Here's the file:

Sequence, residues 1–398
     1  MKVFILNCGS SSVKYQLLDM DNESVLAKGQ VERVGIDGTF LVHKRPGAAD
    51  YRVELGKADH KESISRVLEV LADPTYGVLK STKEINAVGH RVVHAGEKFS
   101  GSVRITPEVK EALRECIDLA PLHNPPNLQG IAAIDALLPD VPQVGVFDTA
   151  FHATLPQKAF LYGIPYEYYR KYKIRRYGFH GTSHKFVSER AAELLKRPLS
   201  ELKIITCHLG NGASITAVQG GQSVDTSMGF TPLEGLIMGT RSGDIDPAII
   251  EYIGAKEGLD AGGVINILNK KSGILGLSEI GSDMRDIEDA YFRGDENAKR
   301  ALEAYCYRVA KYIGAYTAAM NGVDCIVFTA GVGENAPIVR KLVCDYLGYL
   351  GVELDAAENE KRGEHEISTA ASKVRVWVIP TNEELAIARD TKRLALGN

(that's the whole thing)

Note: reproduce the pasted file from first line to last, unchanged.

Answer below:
Sequence, residues 1–398
     1  MKVFILNCGS SSVKYQLLDM DNESVLAKGQ VERVGIDGTF LVHKRPGAAD
    51  YRVELGKADH KESISRVLEV LADPTYGVLK STKEINAVGH RVVHAGEKFS
   101  GSVRITPEVK EALRECIDLA PLHNPPNLQG IAAIDALLPD VPQVGVFDTA
   151  FHATLPQKAF LYGIPYEYYR KYKIRRYGFH GTSHKFVSER AAELLKRPLS
   201  ELKIITCHLG NGASITAVQG GQSVDTSMGF TPLEGLIMGT RSGDIDPAII
   251  EYIGAKEGLD AGGVINILNK KSGILGLSEI GSDMRDIEDA YFRGDENAKR
   301  ALEAYCYRVA KYIGAYTAAM NGVDCIVFTA GVGENAPIVR KLVCDYLGYL
   351  GVELDAAENE KRGEHEISTA ASKVRVWVIP TNEELAIARD TKRLALGN